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The Recession is not over

The Recession is not over.  Is the Housing Recovery sustainable looking at the Case-Shiller Home Price Index, and the first time homeowner tax credit? Worrisome Daily Charts.
The Recession is not over
Even if Q3 Advanced GDP comes in at +4% or so, the National Bureau of Economic Research (NBER) will not likely be calling the end to this Recession any time soon.
Keep in mind that according to NBER we have been in Recession since the end of 2007 even though GDP did not peak until Q3 2008 at $14.55 trillion.
One or two quarters of positive GDP should not be viewed as recovery given Consumer Confidence at 47.7 well below the 90 to 120 neutral zone, and given hours worked with a 33 handle.
The NBER will put significant weight to recovery on job creation, and this economy is not generating jobs. The Recession is not over when the Present Situation reading of confidence is at a 26 year low of 20.7.
The idea that a single quarter of positive growth ends the Recession is ludicrous. The National Association of Business Economics (NABE) is wrong as 34 of 43 economists say that the Recession is over.
Even Fed Chief Bernanke said recently, “From a technical perspective, the Recession is very likely over.” Gentle Ben will be wrong again!
Since President Obama was inaugurated the US economy lost an additional 3.4 million jobs in an environment where his financial team of geniuses says that stimulus is saving or creating jobs.
Is the Housing Recovery sustainable? Let’s look at the Case-Shiller Home Price Index
The 20-City Index shows a decelerating year over year decline of 11.3% in August with seven months of improved readings thanks to the $8,000 first time home buyer tax credit. Peak to date home prices are down 29.3%. Peak to low prices are down 32.6%.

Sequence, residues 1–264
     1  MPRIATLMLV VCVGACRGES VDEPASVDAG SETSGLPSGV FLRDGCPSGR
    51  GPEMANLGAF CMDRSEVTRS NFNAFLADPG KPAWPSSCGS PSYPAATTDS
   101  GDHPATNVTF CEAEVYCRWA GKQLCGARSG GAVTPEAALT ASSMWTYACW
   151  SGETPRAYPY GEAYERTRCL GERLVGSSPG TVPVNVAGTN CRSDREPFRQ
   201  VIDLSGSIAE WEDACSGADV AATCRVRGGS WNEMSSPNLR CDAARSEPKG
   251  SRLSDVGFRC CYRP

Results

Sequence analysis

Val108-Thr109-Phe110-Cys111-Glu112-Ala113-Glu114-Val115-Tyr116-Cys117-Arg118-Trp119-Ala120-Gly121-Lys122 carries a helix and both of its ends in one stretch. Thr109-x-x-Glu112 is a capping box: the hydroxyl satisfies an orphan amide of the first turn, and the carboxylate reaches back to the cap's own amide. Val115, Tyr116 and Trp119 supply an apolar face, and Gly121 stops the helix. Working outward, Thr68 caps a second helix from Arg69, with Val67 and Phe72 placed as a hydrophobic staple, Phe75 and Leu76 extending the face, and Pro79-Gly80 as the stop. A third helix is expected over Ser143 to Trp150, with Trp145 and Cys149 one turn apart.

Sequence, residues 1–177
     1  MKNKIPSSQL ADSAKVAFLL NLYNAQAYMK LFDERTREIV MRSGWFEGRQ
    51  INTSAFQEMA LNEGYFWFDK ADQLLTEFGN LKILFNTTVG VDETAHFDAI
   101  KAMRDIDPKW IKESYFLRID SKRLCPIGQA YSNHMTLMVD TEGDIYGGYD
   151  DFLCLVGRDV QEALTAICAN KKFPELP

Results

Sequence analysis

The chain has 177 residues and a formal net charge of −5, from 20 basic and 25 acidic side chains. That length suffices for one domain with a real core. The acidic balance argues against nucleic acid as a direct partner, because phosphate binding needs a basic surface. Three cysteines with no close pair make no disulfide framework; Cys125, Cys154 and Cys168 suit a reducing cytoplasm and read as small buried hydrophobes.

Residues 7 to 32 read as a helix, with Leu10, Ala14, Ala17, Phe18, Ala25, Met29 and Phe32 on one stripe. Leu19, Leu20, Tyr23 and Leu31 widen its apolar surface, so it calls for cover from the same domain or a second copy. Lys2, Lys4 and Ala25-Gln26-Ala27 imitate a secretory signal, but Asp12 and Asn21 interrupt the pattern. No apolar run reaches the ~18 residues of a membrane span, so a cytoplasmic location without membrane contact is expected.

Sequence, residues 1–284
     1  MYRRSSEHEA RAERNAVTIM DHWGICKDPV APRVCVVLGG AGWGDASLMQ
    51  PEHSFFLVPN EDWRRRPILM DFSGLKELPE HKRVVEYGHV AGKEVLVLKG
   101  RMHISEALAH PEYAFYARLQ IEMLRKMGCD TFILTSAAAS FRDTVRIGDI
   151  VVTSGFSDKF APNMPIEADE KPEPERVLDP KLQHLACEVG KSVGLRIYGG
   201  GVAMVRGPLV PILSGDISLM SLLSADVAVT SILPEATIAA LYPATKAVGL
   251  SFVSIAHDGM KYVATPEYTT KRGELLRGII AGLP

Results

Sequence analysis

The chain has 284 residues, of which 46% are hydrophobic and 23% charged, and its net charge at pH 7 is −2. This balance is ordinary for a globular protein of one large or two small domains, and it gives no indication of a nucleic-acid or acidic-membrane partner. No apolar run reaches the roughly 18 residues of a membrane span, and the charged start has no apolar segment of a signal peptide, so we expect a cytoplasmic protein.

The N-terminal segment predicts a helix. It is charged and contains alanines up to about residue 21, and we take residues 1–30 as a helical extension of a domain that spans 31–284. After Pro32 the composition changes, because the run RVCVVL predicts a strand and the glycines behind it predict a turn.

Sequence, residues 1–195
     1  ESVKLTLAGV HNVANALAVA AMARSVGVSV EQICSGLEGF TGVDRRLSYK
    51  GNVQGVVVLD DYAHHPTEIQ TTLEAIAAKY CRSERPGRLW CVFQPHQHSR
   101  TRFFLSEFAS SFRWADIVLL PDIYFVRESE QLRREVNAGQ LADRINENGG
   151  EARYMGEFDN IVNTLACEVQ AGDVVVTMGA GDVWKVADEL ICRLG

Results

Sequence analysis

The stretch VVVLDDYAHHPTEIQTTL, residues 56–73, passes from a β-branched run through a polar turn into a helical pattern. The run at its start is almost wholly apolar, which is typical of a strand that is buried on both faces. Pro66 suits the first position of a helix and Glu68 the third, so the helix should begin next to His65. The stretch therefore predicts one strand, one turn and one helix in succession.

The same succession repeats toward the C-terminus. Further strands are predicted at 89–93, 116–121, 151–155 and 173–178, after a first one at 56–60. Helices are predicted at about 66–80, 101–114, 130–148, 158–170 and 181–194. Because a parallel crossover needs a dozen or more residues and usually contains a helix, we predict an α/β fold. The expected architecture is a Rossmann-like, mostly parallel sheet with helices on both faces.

The Index base value is 100 in January 2000 and a reading of 150 equates to a 50% appreciation since then. To me this indicates that if the $8,000 sunsets at the end of November, and as foreclosures rise, home prices may not have bottomed. Time will tell, but even if the $8,000 is extended to end in March or April 2010, the window from contract to closing is widening, and is now 60 days and longer.
The Daily Charts for Transports, Russell 2000 and the SOX – Charts Courtesy of Thomson / Reuters
The daily chart shows Dow Transports well below 21-day and 50-day simple moving averages at 3868 and 3836 with monthly support at 3615. A close this week below 3794 shifts weekly chart to negative.
The daily chart shows the Russell 2000 is also below 21-day and 50-day simple moving averages at 605.77 and 595.81 and is below my monthly pivot at 589.03. A close this week below 313.74 shifts the weekly chart to negative.
The daily chart shows the SOX below 21-day and 50-day simple moving averages at 321.60 and 316.65 and a weekly close below 313.74 shifts the weekly chart to negative.
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That’s today’s Four in Four. Have a great day.
Richard Suttmeier
Chief Market Strategist
(800) 381-5576
As Chief Market Strategist at ValuEngine Inc, my research is published regularly on the website I have daily, weekly, monthly, and quarterly newsletters available that track a variety of equity and other data parameters as well as my most up-to-date analysis of world markets. My newest products include a weekly ETF newsletter as well as the ValuTrader Model Portfolio newsletter. I hope that you will go to and review some of the sample issues of my research.
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